Date
25 March 2017
The Izumo helicopter carrier will go on a three-month tour through the South China Sea beginning in May. Photo: Reuters
The Izumo helicopter carrier will go on a three-month tour through the South China Sea beginning in May. Photo: Reuters

Japan plans to send largest warship to South China Sea

Japan is said to be planning to dispatch its largest warship on a three-month tour through the South China Sea beginning in May in its biggest show of naval force in the region since World War Two.

The Izumo helicopter carrier, commissioned only two years ago, will make stops in Singapore, Indonesia, the Philippines and Sri Lanka before joining the Malabar joint naval exercise with Indian and US naval vessels in the Indian Ocean in July, Reuters reports, citing unidentified sources.

It will return to Japan in August.

“The aim is to test the capability of the Izumo by sending it out on an extended mission,” said one of the sources who have knowledge of the plan.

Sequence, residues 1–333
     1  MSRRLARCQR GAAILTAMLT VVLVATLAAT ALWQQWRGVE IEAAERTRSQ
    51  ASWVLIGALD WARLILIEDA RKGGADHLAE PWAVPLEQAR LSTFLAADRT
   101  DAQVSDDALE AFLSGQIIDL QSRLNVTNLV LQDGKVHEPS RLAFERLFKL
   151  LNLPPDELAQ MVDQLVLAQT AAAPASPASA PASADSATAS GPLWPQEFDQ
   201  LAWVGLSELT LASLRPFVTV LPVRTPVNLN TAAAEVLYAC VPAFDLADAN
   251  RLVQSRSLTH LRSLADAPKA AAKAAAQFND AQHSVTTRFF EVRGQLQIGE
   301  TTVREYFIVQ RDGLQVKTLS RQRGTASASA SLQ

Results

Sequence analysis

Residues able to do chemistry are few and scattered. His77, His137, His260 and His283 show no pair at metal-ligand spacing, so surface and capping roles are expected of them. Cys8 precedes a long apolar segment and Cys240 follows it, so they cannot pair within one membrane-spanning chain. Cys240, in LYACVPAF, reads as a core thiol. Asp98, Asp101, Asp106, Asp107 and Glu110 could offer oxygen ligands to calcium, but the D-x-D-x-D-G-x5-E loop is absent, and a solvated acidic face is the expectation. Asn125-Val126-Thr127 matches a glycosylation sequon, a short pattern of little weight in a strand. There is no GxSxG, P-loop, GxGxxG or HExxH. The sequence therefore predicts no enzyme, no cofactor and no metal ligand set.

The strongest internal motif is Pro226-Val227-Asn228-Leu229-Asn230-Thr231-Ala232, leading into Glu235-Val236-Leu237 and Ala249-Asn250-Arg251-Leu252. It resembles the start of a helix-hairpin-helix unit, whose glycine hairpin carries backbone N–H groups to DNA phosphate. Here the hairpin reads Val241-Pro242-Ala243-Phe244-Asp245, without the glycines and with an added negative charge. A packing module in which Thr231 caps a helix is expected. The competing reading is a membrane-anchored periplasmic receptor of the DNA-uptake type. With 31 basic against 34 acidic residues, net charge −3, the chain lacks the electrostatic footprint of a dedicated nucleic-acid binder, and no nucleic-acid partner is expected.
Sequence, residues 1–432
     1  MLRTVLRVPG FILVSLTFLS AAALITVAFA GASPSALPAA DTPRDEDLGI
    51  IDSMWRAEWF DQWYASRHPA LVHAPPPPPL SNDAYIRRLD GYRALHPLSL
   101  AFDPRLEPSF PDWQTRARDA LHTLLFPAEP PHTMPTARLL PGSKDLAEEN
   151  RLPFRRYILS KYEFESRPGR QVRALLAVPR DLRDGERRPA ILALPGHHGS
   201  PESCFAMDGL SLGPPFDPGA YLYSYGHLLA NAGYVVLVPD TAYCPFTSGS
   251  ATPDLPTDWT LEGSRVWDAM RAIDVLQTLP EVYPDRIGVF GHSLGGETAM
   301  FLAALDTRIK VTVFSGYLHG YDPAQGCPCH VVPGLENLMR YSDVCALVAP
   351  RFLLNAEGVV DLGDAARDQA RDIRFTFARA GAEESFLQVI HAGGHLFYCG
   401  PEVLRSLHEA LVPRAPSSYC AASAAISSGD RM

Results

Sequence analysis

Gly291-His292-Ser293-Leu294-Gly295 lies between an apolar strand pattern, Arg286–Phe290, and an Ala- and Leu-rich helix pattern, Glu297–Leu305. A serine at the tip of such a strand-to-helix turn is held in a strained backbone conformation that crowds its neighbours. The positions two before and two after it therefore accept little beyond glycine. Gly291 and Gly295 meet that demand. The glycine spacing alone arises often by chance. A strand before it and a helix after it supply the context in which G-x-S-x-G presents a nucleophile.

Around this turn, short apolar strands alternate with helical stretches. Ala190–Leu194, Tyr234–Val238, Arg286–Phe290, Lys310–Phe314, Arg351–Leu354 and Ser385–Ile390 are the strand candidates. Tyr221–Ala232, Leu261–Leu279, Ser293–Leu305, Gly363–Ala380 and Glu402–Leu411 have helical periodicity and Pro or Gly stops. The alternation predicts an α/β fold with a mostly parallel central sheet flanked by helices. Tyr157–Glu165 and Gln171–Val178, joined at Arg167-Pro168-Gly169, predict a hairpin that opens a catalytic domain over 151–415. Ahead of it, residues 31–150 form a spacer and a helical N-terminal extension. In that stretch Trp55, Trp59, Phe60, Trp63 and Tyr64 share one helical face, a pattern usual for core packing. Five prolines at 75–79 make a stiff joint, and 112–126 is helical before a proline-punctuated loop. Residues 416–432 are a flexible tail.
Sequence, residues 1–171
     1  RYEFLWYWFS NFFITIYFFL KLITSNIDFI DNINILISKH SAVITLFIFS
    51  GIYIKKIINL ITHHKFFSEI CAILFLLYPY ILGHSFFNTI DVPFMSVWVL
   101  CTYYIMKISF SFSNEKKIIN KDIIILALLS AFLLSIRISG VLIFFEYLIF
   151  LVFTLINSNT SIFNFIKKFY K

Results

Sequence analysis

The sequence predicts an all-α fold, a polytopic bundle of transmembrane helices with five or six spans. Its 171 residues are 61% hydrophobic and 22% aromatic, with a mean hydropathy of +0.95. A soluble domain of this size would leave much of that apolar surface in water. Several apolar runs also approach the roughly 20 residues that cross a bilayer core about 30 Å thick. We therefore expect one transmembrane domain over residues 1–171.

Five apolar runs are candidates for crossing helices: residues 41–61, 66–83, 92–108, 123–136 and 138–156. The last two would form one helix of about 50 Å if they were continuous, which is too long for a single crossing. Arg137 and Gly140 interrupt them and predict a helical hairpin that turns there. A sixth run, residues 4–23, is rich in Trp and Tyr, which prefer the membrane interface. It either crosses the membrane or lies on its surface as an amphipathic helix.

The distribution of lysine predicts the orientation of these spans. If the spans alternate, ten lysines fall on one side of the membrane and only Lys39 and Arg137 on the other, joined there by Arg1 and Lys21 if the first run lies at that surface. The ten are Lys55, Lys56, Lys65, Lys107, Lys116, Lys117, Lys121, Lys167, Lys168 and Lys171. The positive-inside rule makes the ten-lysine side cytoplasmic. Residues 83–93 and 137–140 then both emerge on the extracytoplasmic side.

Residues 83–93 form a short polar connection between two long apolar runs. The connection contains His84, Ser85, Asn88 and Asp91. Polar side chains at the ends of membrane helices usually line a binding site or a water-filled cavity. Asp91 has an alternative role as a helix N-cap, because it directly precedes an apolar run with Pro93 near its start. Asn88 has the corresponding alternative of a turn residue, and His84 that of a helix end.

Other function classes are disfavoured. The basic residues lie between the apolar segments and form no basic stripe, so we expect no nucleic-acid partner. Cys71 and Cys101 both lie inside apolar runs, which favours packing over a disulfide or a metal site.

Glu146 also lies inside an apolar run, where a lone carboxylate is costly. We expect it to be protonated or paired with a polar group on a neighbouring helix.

“It will train with the US Navy in the South China Sea,” the source added.

China claims almost all the disputed waters and its growing military presence has fueled concern in Japan and the West, with the United States holding regular air and naval patrols to ensure freedom of navigation.

Taiwan, Malaysia, Vietnam, the Philippines and Brunei also claim parts of the sea which has rich fishing grounds, oil and gas deposits and through which around US$5 trillion of global seaborne trade passes each year.

Japan does not have any claim to the waters, but has a separate maritime dispute with China in the East China Sea.

Japan wants to invite Philippine President Rodrigo Duterte to visit the Izumo when it visits Subic Bay, about 100 kilometers (62 miles) west of Manila, another source said.

Duterte has pushed ties with China in recent months as he has criticized the old alliance with the US.

Japan’s flag-flying operation comes as the US under President Donald Trump appears to be taking a tougher line with China.

Washington has criticized China’s construction of man-made islands and a build-up of military facilities that it worries could be used to restrict free movement.

Beijing in January said it had “irrefutable” sovereignty over the disputed islands after the White House vowed to defend “international territories”.

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RC/CG

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